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Iran Countdown to Showdown?

Iran has removed the seals from its Natanz uranium enrichment plant and begun operations as IAEA inspectors could do nothing more than watch the Iranians do it. The war of words over Iranian Nuclear Development has heated up and taken a decided turn towards conflict as a direct result, yet there still remains measurable ambiguity beneath the surface. The EU3 have nonetheless responded with more vigor than previously seen throughout the crisis, yet the United States remains hamstrung by unclear positions offered by other players internationally (primarily Russia and China) in its efforts to bring Iran successfully before the United Nations Security Council.

The EU-3 have finally come to the conclusion that there can be no more talks without “a guarantee from Iran that it will not conduct any activities related to (uranium) enrichment.” This obvious, and long overdue, stance effectively means the end of talks, as Iran has maintained its ‘right’ to enrich uranium throughout the entire process.

Iranian President Mahmoud Ahmadinejad weighed in, clinging to the ‘peaceful’ nature of the Iranian program by stating, ”I am telling all the powers that the Iranian nation and government, with firmness and wisdom, will continue its path in seeking and utilizing peaceful nuclear energy.”

In a rare moment of international diplomatic clarity, Britain’s Tony Blair said bluntly, “I do not think there is any point in people, or us, hiding our deep dismay at what Iran has decided to do.”

This is where the clarity ends. Prime Minister Blair then muddied the unusually clear waters by following that statement by saying that it was “time to decide” whether or not it was time to refer Iran to the UN Security Council. That decision should have already been made and made as clearly as his initial comment. Unless it is being made with a need for a guaranteed result from all members.

China is reportedly supporting the West on the Iranian Nuclear Development issue as well. Wu Bangguo, chairman of China’s NPC said to US congressmen that China “agreed that they (Iran) should not have nuclear weapons, and agreed to working with the United States and especially the EU3.” However, closer examination of their customarily nuanced and incomplete statement leaves it largely empty. Note that his statement did not address uranium enrichment, leaving the Chinese room to wiggle with the Iranian regime. With uranium enrichment, the necessary precursor to fissile weapons-grade material, nuclear weapons production in Iran is a certainty. To not oppose Iranian enrichment expressly is to either be naïve, which the Chinese certainly are not, or be either indifferent or supportive to the Iranian aims. Counter to the view of Congressman Mark Kirk that ‘China offers to help rein in Iran’, China offers nuance at best and, potentially, duplicity in its statement.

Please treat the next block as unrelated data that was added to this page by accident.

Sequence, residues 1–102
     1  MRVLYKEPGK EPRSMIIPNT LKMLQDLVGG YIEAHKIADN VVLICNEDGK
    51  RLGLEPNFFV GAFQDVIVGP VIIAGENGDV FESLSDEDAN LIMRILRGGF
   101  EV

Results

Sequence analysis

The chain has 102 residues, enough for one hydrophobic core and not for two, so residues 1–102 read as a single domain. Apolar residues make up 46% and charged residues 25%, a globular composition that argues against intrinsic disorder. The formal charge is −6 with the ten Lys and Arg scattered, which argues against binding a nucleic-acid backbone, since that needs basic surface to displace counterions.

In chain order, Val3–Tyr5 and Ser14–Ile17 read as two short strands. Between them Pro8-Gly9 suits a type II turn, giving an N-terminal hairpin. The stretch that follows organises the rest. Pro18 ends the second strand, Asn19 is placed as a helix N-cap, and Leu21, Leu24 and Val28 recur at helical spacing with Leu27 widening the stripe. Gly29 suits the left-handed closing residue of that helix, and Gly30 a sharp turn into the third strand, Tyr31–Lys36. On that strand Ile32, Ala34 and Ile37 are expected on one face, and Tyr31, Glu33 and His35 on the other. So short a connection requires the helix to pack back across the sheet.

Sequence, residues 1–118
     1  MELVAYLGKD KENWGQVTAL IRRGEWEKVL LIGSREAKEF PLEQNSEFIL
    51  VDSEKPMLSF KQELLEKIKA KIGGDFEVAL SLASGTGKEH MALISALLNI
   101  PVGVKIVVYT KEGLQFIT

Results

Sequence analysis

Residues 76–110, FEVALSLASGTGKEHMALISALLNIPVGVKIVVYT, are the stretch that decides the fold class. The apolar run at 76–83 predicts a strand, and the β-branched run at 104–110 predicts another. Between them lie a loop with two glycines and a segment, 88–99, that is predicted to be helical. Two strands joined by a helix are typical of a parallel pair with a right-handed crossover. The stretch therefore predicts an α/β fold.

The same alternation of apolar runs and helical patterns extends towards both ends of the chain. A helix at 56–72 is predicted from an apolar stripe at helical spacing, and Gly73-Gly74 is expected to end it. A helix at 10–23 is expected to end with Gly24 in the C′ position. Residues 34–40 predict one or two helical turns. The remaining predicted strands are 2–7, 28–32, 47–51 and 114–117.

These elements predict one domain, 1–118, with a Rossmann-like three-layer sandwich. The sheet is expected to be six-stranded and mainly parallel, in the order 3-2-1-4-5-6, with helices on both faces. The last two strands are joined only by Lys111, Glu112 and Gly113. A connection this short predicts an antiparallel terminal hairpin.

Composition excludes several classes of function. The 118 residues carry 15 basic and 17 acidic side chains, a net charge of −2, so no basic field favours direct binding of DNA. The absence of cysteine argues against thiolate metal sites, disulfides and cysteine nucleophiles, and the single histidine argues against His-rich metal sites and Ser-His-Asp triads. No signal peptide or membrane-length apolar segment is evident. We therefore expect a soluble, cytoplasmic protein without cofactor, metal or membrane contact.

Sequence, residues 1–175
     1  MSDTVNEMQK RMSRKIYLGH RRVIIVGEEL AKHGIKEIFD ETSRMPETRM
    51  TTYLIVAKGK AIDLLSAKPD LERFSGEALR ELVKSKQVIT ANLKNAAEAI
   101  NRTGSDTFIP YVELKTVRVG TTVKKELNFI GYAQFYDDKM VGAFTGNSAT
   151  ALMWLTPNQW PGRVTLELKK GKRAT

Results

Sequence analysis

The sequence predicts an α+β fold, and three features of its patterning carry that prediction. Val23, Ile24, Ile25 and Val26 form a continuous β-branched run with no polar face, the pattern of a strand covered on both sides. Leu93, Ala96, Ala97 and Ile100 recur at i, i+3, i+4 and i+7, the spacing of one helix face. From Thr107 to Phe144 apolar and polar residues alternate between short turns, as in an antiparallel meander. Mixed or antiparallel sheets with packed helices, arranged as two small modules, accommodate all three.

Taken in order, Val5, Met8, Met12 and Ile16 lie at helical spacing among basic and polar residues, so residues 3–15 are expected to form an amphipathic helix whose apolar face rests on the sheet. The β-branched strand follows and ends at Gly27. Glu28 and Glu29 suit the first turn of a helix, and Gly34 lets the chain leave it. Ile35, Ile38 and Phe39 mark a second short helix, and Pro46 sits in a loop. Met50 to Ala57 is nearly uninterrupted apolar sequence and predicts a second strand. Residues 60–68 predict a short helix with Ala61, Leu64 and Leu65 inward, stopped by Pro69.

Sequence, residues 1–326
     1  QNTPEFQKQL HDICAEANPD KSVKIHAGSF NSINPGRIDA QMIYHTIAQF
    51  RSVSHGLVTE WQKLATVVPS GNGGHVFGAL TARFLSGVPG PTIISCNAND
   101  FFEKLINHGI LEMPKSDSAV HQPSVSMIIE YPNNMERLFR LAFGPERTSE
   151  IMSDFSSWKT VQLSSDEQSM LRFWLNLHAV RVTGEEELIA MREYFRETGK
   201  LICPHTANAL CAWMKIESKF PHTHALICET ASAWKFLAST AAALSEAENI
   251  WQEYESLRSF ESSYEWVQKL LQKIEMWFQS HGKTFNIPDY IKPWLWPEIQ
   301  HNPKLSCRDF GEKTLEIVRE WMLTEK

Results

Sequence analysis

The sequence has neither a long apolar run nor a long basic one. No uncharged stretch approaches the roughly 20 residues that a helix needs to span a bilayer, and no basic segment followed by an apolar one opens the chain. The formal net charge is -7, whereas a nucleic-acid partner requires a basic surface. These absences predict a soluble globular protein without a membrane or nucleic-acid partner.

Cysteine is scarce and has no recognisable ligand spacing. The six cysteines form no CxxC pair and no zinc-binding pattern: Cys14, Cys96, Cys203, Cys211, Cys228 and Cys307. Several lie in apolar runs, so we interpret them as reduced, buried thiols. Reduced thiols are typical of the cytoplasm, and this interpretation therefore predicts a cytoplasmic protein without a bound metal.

Duplicity is a strong word. But consider this report from Iran’s state-run press arm, the Islamic Republic News Agency(IRNA):

China’s Deputy Foreign Minister for International Affairs Zhang Ye Sui said here Monday Iran had the right to pursue nuclear technology.

During a meeting with Iranian enovy [sic] Mehdi Safari, he said China believed the Iran nuclear issue should be resolved within the framework of the IAEA and was opposed to having it referred to the UN Security Council.

Russia is offering support slightly more substantive than China by offering Iran enrichment on Russian soil. But this alternative was fully expected to be rejected, which it was, and offered Russia the opportunity to be seen as supportive to the West while still protecting its current and future lucrative nuclear contracts within Iran. In a statement earlier today, Russian Foreign Minister Sergei Lavrov stated, “The general feeling, in the light of continuing issues relating to Iran’s nuclear program, was disappointment over Tehran’s decision to abandon the moratorium and restart research in the sphere of uranium-enrichment.” This falls short of condemnation and offers little to evidence of reliable support going forward.